Have you ever wondered which among the two types of toilets – the sitting toilet (western style toilet) or the squat toilet (Indian style toilet) — provides the healthiest or best pooping position or allows for effective bowel clearance?
Both styles of toilets are meant for the same act, answering nature’s call. But there is a significant difference between the two in terms of comfort, hygiene and how they facilitate bowel clearance. While it is understood that individual preferences determine the choice of the style of toilet, and thereby pooping position, ideally an informed choice should be made, weighing in their pros and cons.
Pooping position pros and cons: Western toilet
Using the western toilet is convenient for the elderly, and those with weak and brittle bones. A seated pooping position will avoid stress on the knee and the back. It provides more comfort compared to the squat-style toilet and is convenient to use for people with mobility challenges.
“On a western toilet, the hips and the back are relaxed, and the body weight will not fall on the knees,” says Dr G Mohan, orthopedics, trauma and joint replacement surgeon, Fortis Hospital, Chennai. “It also helps prevent falls and fractures. It is beneficial for the middle-aged and the elderly.”
However, unlike in the squat-style toilet, the pooping position in western-style toilets comes with its own set of problems. The torso remains relaxed and the thighs are not flexed over the abdomen. So, the colon is not compressed or the puborectal muscle is not stretched enough to allow complete bowel clearance. It could lead to indigestion, constipation, and piles, among others, say experts.
However, an individual’s diet also has a big say in ensuring smooth bowel movement. So, ensuring an adequate amount of fibre and laxatives in food keeps issues such as constipation away, regardless of the type of toilet you are using.
Pooping position: Squat/Indian toilet
The pooping position in the Indian squat toilet is more suitable for younger people as it requires flexibility and strength in the limbs. However, it has quite a bit of advantages, and cons as well.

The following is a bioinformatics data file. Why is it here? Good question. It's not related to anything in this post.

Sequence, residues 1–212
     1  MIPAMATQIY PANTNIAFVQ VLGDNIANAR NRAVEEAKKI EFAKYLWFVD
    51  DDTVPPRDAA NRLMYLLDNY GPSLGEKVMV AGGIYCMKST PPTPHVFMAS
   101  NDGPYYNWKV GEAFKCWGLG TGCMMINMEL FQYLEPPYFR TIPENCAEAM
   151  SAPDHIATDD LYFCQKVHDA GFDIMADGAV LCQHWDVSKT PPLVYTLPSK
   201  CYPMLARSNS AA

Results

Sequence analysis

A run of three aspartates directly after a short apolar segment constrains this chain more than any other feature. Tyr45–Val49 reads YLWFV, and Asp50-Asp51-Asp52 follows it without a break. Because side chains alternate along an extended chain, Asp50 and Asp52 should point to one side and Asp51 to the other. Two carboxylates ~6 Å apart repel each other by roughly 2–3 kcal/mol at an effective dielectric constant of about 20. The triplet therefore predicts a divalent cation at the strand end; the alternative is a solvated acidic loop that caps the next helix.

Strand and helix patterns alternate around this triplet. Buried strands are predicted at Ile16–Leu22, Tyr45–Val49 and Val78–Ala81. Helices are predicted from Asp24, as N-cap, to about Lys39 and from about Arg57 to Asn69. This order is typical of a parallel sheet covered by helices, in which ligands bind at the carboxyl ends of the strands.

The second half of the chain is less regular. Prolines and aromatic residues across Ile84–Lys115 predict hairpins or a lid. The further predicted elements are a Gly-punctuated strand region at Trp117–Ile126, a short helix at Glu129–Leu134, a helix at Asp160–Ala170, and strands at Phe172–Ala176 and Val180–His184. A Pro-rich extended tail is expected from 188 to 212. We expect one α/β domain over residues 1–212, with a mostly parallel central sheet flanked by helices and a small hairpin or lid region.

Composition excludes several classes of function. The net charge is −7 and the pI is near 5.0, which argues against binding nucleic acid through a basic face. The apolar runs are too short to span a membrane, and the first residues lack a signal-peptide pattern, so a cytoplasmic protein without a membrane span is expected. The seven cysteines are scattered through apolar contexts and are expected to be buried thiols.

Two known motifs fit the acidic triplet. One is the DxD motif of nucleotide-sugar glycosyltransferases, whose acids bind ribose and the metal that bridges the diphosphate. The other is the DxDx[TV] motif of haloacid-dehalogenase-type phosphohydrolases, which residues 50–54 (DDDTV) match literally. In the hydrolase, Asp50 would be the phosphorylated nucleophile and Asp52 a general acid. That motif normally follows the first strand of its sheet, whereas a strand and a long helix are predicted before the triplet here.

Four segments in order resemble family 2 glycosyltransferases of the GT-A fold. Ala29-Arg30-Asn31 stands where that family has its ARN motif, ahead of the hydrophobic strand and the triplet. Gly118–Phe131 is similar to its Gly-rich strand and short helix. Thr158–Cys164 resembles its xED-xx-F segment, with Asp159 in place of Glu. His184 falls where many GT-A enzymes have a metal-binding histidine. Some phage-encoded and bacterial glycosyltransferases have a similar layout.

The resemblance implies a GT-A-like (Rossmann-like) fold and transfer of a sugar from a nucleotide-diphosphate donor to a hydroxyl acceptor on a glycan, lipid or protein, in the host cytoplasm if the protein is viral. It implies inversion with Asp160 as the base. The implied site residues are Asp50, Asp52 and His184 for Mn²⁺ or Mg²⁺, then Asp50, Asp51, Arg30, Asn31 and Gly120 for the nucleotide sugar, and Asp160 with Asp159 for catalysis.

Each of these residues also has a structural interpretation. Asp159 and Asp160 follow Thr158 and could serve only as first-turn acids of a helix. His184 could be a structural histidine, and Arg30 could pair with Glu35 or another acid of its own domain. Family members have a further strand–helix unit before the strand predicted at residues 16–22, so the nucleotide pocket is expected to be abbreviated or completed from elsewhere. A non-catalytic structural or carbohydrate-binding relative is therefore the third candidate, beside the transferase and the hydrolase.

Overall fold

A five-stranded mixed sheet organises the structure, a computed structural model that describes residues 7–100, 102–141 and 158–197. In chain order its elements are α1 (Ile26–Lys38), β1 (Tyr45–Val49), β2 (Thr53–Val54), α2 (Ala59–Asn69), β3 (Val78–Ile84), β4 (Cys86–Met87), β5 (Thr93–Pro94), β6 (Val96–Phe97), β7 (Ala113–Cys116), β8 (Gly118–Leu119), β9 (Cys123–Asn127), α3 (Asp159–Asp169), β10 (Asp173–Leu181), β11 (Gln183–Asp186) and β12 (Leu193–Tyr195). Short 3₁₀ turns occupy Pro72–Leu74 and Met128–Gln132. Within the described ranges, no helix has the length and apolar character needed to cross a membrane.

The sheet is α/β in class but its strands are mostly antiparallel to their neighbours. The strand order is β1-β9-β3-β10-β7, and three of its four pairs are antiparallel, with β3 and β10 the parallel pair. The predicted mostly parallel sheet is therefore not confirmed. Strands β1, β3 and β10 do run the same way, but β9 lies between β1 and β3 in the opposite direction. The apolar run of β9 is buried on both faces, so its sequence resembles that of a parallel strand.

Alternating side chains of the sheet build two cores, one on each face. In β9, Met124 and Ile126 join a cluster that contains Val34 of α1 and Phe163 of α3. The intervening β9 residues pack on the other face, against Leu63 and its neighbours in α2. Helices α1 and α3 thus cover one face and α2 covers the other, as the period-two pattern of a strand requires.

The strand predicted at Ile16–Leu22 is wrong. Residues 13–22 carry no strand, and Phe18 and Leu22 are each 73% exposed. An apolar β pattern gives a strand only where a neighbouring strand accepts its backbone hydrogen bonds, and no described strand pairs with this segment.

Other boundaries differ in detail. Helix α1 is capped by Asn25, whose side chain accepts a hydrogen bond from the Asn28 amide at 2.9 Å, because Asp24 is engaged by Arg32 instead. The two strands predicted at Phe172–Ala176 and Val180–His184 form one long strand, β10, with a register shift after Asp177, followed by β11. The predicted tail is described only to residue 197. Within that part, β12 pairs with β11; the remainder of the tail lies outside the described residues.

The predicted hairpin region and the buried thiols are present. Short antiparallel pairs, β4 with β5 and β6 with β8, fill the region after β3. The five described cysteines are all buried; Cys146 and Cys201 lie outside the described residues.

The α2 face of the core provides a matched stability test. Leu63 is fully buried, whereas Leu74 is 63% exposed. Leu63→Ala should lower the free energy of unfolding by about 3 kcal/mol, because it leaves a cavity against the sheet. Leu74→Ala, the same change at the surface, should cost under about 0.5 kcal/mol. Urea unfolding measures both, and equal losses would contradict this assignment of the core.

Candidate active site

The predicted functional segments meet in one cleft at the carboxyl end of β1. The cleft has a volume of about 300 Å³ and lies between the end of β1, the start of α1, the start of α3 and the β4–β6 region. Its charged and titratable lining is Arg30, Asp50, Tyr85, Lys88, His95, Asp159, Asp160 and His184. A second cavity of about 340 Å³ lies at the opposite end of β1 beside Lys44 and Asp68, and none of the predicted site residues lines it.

When a person squats, the torso presses the thighs, making them flex the abdomen, resulting in compression of the colon and relaxation of the puborectalis muscle which allows for complete emptying of the bowel. This aids in better digestion and prevents constipation. Squatting over the toilet ensures better hygiene as there is no direct contact with the toilet seat. The action of squatting also serves as a physical exercise, improving blood circulation and strengthening the leg muscles.
It has its limitations though. The Indian toilet or squat toilet is not suitable for the elderly, people with compromised mobility due to osteoarthritis, or people recovering from recent surgeries or other medical reasons. Using Indian toilets might strain the hips, back and knees.
“It is recommended not to use the Indian commode for more than 20 minutes to avoid knee stress,” adds Dr Mohan.
Making a change in the pooping position
For a person who is trying to shift from Indian style to western toilet, possibly due to old age and other factors, the transition can be tough. “Shifting from one toilet to another may take time due to the habit. People prefer pooping positions based on the habits that they have developed,” says Dr Mohan.
Make the change in steps, says Dr Govind Nandakumar, a surgical gastroenterologist at Manipal Hospital, Bengaluru. “Those with difficulties in using western toilets can use a short stool approximately six inches or so to rest the feet on it,” he adds. “By doing this you would be able to generate the benefits of using an Indian restroom while using a western one.”
- Pooping position in Indian (squat) style toilets provides a better angle that aids bowel movement without generating excess pressure.
- Indian toilets can be difficult for the elderly and those with limited mobility and fragile knees or hips.
- Western toilets allow you to sit, making it easy for people with infirmity. There is a significant amount of contact with the toilet seat which may increase the risk of skin infections.